School to Prison Pipeline Funneling Children Into the System, Research Shows
Research shows that 2/3 of children not reading by 4th grade are headed to welfare, or to prison.
The school to prison pipeline is a national trend that many believe is running through Oklahoma. In this extensive report, Tulsa's Channel 8's Kim Jackson spoke with two Oklahoma inmates who described their experience through the pipeline.
"They just simply come to me and said I don't think school is best for you. I was kind of shocked at that. And I agreed with them and dropped out," said Kenneth Carter, who is an inmate at Jackie Brannon Correctional Center in McAlester.
"I might not even be here if I would have been sent to school and did what I was supposed to do," admitted Alex Barnett, who is serving time for a violent crime.
Carter could barely ready the word "corrections" on his back when he arrived in prison at the age of 38.
"I could read, but I didn't comprehend much on what the reading was about," he said.
Poor reading and school funding are one part of the school to prison pipeline. But zero tolerance and suspensions are others, according to Juvenile Judge Doris Fransein.
"I have foster children that have been suspended from pre-school and kindergarten because of behaviors, mental health behaviors too difficult for people to contain. And so you wonder how does a five-year-old become such a threat you have to suspend them from kindergarten?" Fransein asked.
She says that is how the process starts, with children missing school, troubled families and children placed in her courtroom.
"It's always this 'society says it's someone else's child. It's your problem; you take care of it. We don't want to deal with these behaviors.' It's completely frustrating. I don't know what the answer is," she said. Fransein says the whole system of dealing with troubled students needs improvement.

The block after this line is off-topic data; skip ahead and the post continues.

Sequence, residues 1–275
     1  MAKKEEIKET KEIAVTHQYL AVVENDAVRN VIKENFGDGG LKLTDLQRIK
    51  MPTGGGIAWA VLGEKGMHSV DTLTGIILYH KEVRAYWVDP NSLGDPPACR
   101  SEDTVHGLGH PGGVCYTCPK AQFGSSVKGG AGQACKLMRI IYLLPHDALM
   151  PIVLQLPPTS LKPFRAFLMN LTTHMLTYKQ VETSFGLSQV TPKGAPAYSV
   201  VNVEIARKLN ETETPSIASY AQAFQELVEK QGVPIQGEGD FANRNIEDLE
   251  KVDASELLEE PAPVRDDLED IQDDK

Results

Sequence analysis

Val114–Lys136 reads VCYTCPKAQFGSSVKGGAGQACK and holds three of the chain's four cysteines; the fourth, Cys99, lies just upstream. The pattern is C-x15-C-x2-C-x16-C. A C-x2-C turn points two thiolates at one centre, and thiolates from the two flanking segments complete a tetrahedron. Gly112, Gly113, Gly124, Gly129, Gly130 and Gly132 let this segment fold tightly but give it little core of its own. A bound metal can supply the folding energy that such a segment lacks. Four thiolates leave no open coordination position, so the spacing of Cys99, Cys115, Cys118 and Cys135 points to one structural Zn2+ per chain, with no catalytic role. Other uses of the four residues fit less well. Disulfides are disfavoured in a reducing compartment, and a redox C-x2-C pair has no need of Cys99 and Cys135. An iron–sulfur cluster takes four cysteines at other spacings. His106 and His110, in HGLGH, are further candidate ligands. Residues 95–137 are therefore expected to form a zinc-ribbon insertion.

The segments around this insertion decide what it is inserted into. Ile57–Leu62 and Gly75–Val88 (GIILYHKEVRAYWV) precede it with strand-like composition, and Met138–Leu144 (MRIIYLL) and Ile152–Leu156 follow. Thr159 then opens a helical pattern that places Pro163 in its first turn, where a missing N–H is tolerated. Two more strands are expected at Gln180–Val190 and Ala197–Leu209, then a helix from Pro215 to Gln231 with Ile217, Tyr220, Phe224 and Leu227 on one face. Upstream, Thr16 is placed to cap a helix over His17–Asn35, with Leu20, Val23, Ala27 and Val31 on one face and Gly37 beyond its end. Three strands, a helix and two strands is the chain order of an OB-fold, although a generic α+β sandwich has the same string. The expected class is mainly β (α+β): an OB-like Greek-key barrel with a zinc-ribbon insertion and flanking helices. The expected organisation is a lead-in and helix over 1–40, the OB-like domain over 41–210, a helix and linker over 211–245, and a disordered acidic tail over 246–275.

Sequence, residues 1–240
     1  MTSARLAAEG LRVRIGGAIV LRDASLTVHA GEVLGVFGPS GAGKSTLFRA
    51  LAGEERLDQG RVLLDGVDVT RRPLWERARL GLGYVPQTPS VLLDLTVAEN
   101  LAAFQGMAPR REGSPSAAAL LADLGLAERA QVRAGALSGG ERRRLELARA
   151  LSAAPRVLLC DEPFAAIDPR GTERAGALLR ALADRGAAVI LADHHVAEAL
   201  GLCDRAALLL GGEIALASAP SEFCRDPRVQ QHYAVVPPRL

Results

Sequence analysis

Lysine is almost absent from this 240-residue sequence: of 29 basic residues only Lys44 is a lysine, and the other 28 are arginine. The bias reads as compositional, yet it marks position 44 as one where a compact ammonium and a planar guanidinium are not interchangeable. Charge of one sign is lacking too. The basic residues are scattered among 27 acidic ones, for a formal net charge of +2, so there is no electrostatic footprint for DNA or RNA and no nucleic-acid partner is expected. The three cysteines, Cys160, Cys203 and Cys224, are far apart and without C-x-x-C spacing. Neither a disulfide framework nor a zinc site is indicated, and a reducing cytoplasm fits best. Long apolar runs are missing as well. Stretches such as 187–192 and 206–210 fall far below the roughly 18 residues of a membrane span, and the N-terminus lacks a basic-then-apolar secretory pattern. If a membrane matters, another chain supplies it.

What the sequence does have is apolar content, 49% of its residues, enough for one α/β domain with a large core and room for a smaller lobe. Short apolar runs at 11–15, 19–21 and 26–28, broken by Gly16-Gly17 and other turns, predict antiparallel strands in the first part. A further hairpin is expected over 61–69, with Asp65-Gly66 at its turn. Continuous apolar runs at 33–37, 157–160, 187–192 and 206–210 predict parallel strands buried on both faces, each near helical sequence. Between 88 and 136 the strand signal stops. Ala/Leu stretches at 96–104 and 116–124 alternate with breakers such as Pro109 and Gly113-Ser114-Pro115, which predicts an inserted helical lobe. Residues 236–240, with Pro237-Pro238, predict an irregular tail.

The juvenile court system sometimes passes students on to the adult correctional system, as in the case of Alex Barnett.
"I grew up poor, so I probably started stealing in the beginning. I remember I started stealing in the beginning. I used to break in houses and steal food," he said.
In third grade his motivation was finding food instead of finding answers to homework. He says poverty left him hungry for food, clothes and attention at school.
"I didn't like it. I felt uncomfortable, so I stopped coming. I started skipping," Barnett said.
He dropped out, had brushes with juvenile court and at 18 he committed the crime that sent him to prison.
"We got drunk and robbed a pizza man in my neighborhood," he said.
Today, Barnett and Carter are part of the prison literacy program.
Barnett, who chose to steal instead of study, is now a tutor.
Carter, who struggled to fit in, picked up where he left off in third grade.
"I have a range of people who come to me from those who cannot read at all to people on a fifth grade level," said Tina Holder, the teacher at Jackie Brannon. She said 10 percent of the prison population is below a 6th grade reading level. Many of their problems started years before in the pipeline in front of a juvenile judge.
"By the time I see them in the delinquency realm, yes, they've disconnected from school. Grades are poor. They have been suspended a number of times for behavioral issues. Their parents have given up.
Judge Fransein says students must have their education at some point.
And many are finding it in prison, where studies show reading will make the difference in their success.
"I know that the more that they learn, the better they are going to do when they get back on the street," said Holder.
Carter will have to fight for sobriety after decades of addiction.
And, after his 12 year sentence, Barnett will re-enter the world with a GED at 28.
One thing they've learned is taking responsibility.